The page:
– This article was originally published by Ayushma Maharjan in the Himalayan Times on the May 05, 2019.
As the budget day approaches, local teahouses are abuzz with speculations of new government programs that will create jobs and increase social welfare. In these same local joints, one can sense anxiety over newer taxes esp. following all the tax conundrum that federalism has brought for sub-national governments and their constituencies. While such has been a pattern over last several years, the fact that we still remain a low-income country and our people still have to scour countries all over the globe to find these very jobs hints that our age-old model has not been delivering results. Instead of promising direct interventions like employment programs or benefits for the unemployed or even women, it is time that we commit to and implement credible policy reforms that will secure a conducive entrepreneurial climate that all Nepalis can leverage alike.
Promoting women entrepreneurship differently, for example
Let’s look at farms. Women’s engagement in the fields have gone up from 30% some 20 years ago to over 50% today. These women are taking over the family fields and are in charge of everything that men (who are no more in the villages) were doing. Still, these women are unable to do perform certain back-breaking tasks that are a part and parcel of working in the fields. Here, one thing that the government could do now is to facilitate automation and mechanization in fields. The benefit of this ranges from enabling women to do these hard tasks themselves to opening up whole new prospects for commercial agriculture. A good policy response could thus be to prepare a legal framework that allows for such automation and contract farming and helping enhance the efficiency and productivity at fields.
Then let’s look at the case of asset holdings in Nepal. By asset holding, we still primarily mean land holding in our case. Again, with most men gone, women are the in-charge of their respective families. Yet, few are ultimate decision makers and very few have titles to their property. In rural areas, only 18% of the land is under women ownership. With that, what happens is these women’s access to finance is severely limited. This puts a big constraint on entrepreneurship. Even if women come up with ideas, there is no capital to invest as a result of limited access to finance. Over the years, the government has tried to create this access through deprived sector lending, but that has not been very effective.
The problem in case of accessing finance is largely due to lack of assets that can be put up as collateral. A sound policy response here then could be to enable these aspiring village women to use other movable assets like livestock as collateral to access finance. Secured Transactions Act was aimed at delivering just that, but our inability to create a central registry of assets has meant it is still just in paper even a decade later. If building a central registry has been a tough nut to crack, then we should probably think about building local registries by leveraging local governments and build up from there. If this can be done, it will be more effective in terms of enhancing women’s access to finance that maintaining a fund at the Ministry that many women in villages will never hear about.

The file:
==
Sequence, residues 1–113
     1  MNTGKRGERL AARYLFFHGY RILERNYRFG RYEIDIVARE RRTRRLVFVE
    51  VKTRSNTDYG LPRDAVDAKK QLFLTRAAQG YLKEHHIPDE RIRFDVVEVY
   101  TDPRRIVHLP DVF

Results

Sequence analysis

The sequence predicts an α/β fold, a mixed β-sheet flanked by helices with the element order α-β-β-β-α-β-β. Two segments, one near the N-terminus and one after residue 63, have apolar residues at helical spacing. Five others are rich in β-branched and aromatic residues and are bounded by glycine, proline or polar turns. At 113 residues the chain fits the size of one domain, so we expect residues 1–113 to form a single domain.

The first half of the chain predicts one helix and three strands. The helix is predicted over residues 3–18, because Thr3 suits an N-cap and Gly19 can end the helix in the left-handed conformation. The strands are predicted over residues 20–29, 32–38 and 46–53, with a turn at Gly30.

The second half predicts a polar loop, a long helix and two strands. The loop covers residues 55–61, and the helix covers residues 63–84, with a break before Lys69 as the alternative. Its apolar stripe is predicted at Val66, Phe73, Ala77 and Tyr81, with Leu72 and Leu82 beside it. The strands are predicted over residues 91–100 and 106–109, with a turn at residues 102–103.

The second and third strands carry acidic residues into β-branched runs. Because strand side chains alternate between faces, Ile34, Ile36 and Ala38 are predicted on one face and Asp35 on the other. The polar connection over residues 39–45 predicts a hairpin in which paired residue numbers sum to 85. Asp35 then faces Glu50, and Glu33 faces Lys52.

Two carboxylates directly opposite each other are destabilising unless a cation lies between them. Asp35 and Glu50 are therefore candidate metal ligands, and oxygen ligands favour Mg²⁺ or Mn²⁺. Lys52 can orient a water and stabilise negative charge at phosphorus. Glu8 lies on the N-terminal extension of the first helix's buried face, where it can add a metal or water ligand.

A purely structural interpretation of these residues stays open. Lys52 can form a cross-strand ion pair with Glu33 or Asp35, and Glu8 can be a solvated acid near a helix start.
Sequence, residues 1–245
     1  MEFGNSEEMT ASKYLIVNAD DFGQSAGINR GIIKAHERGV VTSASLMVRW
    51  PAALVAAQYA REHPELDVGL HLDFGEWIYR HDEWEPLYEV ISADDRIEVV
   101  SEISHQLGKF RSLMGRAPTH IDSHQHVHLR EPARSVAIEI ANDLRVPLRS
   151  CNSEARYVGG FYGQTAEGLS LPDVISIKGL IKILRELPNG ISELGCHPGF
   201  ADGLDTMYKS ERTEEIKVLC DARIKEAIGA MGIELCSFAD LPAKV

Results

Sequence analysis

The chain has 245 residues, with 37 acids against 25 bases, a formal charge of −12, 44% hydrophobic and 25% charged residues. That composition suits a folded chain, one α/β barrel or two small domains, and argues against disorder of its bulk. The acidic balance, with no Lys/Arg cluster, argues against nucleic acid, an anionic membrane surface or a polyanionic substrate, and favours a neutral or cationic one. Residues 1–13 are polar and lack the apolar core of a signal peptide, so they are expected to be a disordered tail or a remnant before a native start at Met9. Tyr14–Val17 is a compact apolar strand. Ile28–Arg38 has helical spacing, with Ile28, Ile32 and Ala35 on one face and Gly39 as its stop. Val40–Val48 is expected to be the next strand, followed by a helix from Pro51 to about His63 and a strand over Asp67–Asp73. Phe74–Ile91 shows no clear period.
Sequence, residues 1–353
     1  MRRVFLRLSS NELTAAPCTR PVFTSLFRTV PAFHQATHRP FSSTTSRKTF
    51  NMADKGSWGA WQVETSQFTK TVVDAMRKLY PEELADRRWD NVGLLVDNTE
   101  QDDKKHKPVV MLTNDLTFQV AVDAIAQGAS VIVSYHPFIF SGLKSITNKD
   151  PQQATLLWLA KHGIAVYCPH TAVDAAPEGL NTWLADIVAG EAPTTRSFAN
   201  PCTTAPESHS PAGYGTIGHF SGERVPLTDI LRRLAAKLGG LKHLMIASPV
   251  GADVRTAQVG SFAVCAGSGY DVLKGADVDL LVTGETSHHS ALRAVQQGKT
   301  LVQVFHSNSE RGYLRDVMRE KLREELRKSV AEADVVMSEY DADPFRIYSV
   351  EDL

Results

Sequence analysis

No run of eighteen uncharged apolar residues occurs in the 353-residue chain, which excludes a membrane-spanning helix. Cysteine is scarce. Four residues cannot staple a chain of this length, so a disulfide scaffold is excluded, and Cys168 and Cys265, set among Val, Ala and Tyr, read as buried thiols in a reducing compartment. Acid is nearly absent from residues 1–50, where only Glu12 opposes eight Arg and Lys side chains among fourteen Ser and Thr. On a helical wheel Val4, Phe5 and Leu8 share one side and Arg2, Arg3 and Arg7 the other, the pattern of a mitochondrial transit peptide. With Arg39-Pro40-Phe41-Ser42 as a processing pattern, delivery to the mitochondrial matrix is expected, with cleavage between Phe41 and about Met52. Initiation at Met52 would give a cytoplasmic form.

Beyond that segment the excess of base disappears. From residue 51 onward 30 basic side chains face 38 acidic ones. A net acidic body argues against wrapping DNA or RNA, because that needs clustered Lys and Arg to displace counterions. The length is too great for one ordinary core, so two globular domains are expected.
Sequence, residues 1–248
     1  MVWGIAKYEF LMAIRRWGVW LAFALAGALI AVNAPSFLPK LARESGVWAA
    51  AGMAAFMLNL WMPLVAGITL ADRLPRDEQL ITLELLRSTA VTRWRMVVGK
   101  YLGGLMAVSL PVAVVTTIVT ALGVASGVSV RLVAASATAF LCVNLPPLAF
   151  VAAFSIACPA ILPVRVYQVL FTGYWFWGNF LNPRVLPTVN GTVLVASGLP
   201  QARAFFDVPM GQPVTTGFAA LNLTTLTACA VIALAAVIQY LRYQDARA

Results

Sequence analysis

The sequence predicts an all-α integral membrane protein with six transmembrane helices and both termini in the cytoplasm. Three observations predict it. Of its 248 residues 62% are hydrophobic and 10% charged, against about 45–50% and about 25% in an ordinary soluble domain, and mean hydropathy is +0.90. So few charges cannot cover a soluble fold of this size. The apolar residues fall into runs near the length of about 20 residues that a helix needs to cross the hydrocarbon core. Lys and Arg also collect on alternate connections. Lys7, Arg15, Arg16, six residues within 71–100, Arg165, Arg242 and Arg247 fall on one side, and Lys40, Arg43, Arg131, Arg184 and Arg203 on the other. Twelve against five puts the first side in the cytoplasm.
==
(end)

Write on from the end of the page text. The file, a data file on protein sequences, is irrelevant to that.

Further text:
Reviewing old programs and projects
It is also time now to take a stock of all existing government programs and projects aimed at creating jobs, go over what worked and what did not and actually go back to the drawing board in case of things that did not work, or have stopped working.
One such thing is training programs of governments. All Ministries have a training wing. But the graduates of these training programs hardly find jobs in the market today because the training modules have been far outdated. There no more supply the labour that the current market demands.
The same can be said about the CTEVT courses. Most CTEVT courses seem to have been designed keeping men in mind, but women need these training services now just as much as men do, if not more.
Thus, another pragmatic intervention at this point would be working closely with the private sector to do a proper mapping of future market and labour demand, and redesigning the training programs that will create a supply of labour for the identified market instead of continuing old trainings just because they exist.
Every time we think of a government response to a pressing problem, we think of direct programs and rarely policy reforms. But these latter ones are the ones that are more important. Policy actions geared towards creating free markets is the definitely the way forward. That is actually what will create a win-win for all and that is a sustainable solution to many of our current problems. Therefore, here is hoping that with this budget the government rises above empty populist promises and entrepreneurship-stifling revenue measures and actually makes the big policy departure for a prosperous Nepal.